Botanically known as Quercus infectaria.
The gall oak is a semi-evergreen shrub or small tree up to 6m tall, with grey scaly bark.
Part of Plant Used
The galls are produced by female oak gall wasps that lay their eggs in punctures made on tree branches. These punctures grow and harden into spherical structures due to the tannin excreted by the tree.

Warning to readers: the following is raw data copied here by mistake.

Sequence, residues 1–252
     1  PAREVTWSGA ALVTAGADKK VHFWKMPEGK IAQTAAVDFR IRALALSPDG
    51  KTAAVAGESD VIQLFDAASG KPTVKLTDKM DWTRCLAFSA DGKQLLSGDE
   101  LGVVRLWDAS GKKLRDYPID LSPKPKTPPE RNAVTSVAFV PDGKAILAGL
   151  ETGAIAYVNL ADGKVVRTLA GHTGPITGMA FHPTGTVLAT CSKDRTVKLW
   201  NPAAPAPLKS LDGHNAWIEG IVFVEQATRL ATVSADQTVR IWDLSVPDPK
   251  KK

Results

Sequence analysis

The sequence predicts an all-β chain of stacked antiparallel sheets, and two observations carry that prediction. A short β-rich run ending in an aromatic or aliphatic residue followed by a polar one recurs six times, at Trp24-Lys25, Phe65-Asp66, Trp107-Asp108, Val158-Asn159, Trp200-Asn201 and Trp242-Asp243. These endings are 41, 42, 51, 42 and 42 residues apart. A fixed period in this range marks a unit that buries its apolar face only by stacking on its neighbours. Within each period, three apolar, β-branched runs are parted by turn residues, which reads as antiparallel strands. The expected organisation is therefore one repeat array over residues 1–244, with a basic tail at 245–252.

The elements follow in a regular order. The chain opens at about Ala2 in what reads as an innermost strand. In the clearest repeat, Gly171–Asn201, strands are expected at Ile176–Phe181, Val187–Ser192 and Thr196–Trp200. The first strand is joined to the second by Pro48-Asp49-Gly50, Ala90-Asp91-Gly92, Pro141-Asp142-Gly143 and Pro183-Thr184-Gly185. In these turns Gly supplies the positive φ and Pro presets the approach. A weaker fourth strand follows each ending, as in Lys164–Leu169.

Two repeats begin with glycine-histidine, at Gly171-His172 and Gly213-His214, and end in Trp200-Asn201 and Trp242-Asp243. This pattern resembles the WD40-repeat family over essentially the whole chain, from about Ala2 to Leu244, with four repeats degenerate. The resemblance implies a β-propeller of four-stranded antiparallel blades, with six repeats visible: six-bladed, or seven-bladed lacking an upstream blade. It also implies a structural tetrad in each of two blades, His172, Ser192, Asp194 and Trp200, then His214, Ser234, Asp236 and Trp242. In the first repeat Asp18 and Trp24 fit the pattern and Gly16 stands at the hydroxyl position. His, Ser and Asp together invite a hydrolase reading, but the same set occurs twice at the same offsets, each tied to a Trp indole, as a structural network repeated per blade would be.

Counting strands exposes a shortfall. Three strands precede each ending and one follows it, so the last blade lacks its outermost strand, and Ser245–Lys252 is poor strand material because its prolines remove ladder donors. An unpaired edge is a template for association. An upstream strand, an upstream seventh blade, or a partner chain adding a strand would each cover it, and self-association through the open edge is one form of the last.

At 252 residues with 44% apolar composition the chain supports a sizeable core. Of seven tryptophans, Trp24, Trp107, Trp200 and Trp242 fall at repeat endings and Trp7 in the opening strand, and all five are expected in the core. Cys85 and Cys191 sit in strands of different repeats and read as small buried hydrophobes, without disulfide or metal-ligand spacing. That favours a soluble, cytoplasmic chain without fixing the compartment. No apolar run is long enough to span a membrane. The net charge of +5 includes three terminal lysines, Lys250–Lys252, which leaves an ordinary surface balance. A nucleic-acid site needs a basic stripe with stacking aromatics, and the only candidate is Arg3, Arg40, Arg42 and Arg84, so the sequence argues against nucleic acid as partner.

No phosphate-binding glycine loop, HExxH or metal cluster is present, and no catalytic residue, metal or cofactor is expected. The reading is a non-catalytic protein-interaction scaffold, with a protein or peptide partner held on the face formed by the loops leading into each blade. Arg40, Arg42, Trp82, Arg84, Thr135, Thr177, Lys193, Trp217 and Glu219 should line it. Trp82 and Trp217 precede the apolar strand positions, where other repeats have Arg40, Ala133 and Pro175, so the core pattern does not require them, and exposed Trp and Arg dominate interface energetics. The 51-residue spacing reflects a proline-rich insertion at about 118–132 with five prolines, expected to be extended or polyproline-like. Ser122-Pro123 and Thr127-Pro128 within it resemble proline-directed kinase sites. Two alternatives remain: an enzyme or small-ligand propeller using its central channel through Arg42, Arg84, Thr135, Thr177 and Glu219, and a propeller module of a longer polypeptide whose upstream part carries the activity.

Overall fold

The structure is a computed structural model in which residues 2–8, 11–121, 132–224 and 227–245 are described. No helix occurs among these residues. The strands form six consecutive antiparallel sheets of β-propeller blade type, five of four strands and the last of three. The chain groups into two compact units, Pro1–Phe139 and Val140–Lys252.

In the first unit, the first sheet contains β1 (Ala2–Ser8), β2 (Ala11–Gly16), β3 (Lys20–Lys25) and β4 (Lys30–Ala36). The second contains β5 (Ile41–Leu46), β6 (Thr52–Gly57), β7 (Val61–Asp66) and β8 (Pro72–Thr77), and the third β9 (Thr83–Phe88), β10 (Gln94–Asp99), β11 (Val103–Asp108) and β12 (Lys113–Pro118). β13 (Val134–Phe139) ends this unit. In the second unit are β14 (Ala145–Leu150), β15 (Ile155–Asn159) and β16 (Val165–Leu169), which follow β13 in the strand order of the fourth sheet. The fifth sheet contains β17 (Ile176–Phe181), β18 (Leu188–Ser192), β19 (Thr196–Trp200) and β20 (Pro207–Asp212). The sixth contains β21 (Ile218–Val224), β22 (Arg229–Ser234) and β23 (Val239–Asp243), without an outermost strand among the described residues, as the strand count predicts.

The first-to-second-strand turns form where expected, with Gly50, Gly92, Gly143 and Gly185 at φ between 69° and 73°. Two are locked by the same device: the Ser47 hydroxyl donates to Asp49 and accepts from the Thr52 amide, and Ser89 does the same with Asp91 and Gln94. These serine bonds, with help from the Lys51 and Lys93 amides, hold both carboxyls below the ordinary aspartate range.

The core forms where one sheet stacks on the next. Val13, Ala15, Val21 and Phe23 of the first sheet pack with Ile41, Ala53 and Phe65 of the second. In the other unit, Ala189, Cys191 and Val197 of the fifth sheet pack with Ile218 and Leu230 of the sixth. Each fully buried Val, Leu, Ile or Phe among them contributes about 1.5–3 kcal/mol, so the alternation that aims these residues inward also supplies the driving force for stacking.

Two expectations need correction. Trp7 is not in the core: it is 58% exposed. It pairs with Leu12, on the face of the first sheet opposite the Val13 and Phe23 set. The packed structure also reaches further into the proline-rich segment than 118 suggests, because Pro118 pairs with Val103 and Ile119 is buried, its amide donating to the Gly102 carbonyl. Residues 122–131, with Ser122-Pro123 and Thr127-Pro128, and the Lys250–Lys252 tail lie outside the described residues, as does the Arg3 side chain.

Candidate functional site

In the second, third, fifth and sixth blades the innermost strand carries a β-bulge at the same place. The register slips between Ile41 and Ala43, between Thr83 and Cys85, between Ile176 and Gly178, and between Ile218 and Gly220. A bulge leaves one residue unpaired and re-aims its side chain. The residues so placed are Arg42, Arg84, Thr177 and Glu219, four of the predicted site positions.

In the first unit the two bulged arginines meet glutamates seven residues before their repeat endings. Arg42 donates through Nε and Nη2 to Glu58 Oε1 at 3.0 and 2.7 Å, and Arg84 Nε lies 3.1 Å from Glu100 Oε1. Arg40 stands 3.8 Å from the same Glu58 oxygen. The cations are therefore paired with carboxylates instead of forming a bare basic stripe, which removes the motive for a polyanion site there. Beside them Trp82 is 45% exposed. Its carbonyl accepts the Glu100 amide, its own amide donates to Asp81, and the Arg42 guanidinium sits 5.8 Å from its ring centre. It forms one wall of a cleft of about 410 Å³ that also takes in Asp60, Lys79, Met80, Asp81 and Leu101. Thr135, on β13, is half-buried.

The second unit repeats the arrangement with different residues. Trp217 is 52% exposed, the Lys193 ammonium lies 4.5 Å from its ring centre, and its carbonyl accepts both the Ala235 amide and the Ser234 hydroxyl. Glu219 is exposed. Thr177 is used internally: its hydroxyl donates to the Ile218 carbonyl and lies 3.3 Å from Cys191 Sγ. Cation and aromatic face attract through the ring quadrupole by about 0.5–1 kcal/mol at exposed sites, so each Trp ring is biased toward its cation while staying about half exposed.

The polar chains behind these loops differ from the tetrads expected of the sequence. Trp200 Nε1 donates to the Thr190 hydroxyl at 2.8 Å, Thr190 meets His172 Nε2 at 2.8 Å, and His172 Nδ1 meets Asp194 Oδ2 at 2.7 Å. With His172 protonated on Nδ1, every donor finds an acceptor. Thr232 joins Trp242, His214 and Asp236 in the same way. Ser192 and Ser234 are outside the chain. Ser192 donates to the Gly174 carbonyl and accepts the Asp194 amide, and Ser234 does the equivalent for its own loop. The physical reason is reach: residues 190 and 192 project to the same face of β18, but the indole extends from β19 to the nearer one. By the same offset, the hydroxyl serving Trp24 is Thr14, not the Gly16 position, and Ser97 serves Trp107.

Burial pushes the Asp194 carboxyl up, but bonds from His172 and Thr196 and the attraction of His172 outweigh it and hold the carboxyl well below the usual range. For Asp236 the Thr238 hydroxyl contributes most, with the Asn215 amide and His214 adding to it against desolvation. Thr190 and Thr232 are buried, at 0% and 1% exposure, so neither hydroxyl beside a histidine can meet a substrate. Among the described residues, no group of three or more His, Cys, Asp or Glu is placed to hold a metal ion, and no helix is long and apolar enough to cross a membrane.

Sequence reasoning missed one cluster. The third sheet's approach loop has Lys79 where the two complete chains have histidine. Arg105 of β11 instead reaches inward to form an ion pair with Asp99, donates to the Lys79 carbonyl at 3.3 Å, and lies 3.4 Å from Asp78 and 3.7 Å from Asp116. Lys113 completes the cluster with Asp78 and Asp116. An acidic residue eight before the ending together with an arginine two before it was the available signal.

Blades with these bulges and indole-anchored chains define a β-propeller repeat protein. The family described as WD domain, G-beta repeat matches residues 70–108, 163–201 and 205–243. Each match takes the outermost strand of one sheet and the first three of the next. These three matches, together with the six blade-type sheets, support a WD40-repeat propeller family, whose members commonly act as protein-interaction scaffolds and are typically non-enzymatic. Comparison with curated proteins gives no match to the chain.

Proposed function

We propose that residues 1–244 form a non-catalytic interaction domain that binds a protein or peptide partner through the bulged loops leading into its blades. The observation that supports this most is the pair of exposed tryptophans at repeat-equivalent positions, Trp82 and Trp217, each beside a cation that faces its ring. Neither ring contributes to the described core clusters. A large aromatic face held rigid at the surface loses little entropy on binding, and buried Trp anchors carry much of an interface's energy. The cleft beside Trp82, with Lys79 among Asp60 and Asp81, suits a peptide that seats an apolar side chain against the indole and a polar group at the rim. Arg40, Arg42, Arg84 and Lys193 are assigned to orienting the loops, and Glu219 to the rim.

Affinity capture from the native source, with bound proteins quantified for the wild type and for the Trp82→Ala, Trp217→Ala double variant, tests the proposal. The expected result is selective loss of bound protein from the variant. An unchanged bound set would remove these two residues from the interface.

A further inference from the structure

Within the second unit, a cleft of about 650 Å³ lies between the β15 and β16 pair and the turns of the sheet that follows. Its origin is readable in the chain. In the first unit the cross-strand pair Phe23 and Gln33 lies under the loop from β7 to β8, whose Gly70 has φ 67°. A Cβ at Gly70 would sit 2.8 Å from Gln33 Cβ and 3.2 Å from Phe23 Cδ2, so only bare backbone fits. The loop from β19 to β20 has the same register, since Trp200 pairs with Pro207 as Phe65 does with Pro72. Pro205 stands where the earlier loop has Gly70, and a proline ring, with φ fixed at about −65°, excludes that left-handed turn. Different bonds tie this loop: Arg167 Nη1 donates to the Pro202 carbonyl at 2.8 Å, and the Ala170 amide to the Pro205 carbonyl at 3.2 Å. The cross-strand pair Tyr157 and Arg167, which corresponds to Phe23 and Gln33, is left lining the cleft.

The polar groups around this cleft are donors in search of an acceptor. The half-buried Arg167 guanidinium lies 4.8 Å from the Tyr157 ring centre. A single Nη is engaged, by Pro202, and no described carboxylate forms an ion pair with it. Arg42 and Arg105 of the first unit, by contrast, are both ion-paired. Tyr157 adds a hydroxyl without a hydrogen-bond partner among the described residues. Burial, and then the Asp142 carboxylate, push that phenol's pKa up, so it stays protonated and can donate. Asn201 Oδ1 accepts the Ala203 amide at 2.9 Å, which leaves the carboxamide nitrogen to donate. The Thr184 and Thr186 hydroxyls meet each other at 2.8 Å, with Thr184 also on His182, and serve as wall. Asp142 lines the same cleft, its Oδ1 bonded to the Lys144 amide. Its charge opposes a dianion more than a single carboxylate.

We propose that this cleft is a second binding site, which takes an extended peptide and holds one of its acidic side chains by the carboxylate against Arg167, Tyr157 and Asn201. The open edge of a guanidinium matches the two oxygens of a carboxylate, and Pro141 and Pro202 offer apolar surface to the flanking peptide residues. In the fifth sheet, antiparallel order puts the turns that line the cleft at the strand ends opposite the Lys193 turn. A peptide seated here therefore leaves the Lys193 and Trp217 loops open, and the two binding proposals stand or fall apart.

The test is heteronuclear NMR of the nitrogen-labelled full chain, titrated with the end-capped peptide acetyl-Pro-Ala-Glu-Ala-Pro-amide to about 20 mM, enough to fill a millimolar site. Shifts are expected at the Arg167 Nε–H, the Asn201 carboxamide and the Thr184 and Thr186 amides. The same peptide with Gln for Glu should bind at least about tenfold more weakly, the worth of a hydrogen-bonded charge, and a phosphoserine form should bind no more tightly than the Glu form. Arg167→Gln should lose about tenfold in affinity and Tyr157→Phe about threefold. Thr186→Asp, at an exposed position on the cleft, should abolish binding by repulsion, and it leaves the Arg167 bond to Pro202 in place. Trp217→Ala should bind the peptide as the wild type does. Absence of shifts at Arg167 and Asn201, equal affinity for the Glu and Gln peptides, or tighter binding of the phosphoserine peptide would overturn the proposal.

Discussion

Aleppo Oak can be found singly, or forming bushy forests, up to 2000m altitude, from Asia Minor and the eastern Mediterranean countries eastward to Iraq. It is also found in southeastern Europe.
Dyeing with Gallnut
Oak galls were a very rich source of black dye for many centuries. They are extremely rich in their tannin properties and work impeccably for mordanting cellulosic materials.